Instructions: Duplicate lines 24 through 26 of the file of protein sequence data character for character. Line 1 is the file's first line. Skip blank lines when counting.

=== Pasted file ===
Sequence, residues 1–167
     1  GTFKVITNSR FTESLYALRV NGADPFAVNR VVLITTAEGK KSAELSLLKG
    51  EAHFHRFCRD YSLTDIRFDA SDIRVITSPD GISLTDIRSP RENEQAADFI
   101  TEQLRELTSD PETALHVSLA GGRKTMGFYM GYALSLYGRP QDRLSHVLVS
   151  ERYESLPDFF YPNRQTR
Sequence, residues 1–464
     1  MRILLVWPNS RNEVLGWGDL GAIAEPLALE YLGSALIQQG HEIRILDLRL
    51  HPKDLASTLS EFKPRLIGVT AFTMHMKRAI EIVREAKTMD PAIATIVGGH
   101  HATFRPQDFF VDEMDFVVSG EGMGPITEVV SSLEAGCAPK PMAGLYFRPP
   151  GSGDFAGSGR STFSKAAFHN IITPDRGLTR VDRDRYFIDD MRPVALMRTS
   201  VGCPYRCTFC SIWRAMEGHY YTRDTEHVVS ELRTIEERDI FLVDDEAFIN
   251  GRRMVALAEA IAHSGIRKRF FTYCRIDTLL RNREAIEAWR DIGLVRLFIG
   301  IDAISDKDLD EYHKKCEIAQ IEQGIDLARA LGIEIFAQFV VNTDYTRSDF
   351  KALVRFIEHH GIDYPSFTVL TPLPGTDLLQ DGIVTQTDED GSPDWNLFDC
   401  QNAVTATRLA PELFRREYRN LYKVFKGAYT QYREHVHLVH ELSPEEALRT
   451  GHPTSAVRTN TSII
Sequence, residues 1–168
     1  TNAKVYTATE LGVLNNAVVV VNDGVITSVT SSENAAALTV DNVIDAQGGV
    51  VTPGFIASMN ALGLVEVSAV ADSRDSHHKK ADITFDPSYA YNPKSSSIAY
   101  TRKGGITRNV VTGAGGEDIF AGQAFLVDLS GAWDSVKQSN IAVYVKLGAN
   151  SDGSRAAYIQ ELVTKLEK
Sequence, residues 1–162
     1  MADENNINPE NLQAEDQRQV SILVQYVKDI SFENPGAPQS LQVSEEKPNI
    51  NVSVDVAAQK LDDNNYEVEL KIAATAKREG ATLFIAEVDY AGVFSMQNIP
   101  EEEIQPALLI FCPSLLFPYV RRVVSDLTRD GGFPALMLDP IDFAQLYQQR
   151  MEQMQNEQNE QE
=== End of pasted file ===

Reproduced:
    51  NVSVDVAAQK LDDNNYEVEL KIAATAKREG ATLFIAEVDY AGVFSMQNIP
   101  EEEIQPALLI FCPSLLFPYV RRVVSDLTRD GGFPALMLDP IDFAQLYQQR
   151  MEQMQNEQNE QE